Chrome vs. Firefox Extension Security
November 5, 2012 2:12 PM   Subscribe

Please help me understand the difference (or non-difference) in safety for Firefox vs. Chrome browser extensions (plugins/add-ons).

I'm about ready to move to Chrome for various reasons, but when I go to install (on Chrome) Chrome's versions of some of the extensions I was using on Firefox, some of the extensions give me a warning message about various types of personal data the extension would expose to the extension developer. A friend suggested that Firefox extensions do the same thing, but that Firefox isn't as good at warning you about it.

I've read some explanations of the Chrome warnings already--this Google forum thread includes a good explanation of the Chrome side of things--but I'm really wondering about how Chrome's security in terms of extension data sharing differs from Firefox (or any other browser). I'd feel better sharing data with trusted plugin developers if I know that this data sharing is necessarily occurring in every browser and isn't just a flaw of the Chrome set-up.

Thank you!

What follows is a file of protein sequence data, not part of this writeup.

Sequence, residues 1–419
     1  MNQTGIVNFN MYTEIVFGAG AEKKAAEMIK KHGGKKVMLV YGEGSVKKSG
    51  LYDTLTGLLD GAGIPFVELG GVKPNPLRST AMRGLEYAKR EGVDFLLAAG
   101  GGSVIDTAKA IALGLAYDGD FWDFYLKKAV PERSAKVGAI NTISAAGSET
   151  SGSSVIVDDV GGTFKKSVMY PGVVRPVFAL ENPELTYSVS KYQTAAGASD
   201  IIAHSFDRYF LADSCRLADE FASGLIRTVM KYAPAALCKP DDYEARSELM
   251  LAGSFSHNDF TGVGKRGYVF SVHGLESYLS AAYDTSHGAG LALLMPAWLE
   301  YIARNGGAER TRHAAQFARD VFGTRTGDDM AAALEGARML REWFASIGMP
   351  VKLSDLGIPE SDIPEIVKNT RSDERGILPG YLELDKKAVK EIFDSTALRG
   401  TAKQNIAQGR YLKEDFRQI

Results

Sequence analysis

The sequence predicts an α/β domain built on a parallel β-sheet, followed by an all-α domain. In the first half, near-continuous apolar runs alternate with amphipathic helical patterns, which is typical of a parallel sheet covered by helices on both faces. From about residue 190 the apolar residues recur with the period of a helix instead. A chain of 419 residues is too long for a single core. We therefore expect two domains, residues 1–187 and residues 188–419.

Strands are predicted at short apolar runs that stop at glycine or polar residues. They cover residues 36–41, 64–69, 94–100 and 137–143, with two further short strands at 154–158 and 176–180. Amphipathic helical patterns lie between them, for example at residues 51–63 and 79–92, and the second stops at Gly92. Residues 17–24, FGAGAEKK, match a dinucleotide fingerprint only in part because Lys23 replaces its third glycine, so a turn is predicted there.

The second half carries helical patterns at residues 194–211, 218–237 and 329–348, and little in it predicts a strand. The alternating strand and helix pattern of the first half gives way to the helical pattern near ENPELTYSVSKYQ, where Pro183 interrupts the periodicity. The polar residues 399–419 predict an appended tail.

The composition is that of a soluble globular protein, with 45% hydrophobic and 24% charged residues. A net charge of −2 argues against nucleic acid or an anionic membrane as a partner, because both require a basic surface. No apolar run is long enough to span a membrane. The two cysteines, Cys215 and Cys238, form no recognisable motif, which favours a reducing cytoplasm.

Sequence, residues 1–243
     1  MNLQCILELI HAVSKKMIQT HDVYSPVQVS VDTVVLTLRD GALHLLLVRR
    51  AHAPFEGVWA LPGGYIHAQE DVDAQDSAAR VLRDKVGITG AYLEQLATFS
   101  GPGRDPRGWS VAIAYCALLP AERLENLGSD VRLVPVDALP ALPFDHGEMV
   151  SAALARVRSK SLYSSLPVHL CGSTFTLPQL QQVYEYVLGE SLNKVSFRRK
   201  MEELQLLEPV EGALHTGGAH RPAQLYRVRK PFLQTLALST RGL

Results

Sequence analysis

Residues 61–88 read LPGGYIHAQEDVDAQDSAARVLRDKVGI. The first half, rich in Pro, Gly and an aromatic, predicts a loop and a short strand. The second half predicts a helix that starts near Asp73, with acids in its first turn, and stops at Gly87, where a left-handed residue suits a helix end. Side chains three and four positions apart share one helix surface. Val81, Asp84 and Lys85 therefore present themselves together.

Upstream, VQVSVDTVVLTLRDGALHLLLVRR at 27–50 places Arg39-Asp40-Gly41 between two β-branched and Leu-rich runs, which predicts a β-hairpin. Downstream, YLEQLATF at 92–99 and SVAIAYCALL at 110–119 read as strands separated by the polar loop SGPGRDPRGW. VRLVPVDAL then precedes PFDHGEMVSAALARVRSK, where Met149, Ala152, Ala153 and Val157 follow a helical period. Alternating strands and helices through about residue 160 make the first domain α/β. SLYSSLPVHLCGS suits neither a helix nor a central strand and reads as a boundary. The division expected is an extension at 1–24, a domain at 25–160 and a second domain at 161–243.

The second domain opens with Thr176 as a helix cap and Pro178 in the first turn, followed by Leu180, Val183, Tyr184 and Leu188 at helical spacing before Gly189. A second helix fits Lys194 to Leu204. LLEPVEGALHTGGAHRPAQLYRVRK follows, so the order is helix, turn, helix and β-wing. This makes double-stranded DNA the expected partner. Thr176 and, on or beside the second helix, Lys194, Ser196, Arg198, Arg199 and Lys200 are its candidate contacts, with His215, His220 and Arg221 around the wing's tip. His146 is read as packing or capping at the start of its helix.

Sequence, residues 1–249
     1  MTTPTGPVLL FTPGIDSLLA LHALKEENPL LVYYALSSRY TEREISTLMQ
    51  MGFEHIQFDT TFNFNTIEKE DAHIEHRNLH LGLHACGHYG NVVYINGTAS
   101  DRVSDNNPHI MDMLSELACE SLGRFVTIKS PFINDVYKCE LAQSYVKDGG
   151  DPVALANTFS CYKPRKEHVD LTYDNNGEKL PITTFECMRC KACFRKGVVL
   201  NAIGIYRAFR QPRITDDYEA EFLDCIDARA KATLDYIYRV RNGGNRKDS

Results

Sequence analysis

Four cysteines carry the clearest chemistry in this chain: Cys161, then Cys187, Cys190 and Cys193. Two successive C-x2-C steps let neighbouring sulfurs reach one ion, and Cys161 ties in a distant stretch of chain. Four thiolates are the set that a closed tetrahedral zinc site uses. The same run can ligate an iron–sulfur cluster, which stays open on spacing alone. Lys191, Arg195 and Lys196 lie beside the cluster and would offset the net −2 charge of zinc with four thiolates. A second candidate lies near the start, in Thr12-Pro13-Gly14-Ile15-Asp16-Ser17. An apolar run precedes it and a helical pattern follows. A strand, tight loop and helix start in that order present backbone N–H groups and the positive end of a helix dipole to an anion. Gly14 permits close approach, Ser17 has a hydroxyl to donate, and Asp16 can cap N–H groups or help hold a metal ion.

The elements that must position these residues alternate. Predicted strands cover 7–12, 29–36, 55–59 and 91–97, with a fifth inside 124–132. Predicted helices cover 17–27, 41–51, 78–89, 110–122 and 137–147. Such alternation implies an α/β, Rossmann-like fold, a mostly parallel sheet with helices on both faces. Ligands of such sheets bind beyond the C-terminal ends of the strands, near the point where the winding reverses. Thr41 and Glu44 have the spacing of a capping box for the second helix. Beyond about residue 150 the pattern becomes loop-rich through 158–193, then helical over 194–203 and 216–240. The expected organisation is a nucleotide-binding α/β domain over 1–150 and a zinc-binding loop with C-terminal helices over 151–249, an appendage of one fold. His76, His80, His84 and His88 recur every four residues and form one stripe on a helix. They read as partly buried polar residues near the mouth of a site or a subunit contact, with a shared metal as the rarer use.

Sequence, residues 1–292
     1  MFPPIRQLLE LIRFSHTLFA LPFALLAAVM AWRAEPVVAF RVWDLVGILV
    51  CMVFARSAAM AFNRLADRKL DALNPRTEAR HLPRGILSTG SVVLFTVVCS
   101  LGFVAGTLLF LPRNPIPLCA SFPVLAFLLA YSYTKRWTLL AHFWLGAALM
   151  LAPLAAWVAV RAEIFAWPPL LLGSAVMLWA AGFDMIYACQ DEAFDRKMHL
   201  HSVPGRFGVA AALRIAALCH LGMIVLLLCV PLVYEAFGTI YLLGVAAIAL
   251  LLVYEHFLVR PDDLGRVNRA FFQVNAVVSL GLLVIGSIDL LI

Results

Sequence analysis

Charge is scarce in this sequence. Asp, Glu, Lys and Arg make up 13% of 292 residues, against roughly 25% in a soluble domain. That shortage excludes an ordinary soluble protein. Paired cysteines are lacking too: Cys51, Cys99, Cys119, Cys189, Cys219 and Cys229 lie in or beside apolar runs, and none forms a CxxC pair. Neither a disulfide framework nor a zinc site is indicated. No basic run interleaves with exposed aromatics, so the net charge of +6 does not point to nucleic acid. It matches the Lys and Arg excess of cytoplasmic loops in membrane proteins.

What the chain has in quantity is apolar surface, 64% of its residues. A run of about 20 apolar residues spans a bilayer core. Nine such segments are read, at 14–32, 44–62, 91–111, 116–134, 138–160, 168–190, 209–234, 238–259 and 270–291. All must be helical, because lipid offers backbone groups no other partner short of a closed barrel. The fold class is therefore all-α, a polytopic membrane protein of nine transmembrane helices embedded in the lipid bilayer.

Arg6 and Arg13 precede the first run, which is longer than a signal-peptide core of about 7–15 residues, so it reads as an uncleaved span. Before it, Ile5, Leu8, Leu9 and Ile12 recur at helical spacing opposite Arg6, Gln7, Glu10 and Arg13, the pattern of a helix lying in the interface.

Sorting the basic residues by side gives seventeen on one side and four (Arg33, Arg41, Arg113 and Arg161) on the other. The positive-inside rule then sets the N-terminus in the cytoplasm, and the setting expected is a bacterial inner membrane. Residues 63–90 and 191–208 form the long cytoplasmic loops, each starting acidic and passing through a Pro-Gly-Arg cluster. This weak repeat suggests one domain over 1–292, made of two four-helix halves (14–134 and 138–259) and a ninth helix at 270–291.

posted by pavane to Computers & Internet (3 answers total)
 
Your friend is correct. All Firefox extensions have full access to all pages that you access. Chrome has more granular settings and notification for what extensions may access, e.g., they may choose to limit themselves to certain domains.

This is (mostly) not a huge issue because most extensions for both Firefox and Chrome are written in Javascript, so their code can audited relatively easily. Bad extensions (mainly those that insert ads into pages) do sometimes creep in, however.
posted by zsazsa at 2:28 PM on November 5, 2012 [1 favorite]


Here's an example from last year of a Firefox extension that silently logged all sites visited and sent them to the extension maker, in order to provide ranking data for their search engine. Apparently after this behavior was discovered, they included the ability to disable it.

So there is no difference between the two if you tell a Chrome extension that it can access all data on all pages. And in order for many, if not most useful extensions to work, they do need that level of access. The only "flaw" in the Chrome set-up is that they actually tell you the potential data access level an extension is asking for.
posted by zsazsa at 2:39 PM on November 5, 2012 [1 favorite]


Great, that is exactly what I wanted to know. Thank you both for your answers! Chrome ahoy!
posted by pavane at 2:49 PM on November 5, 2012


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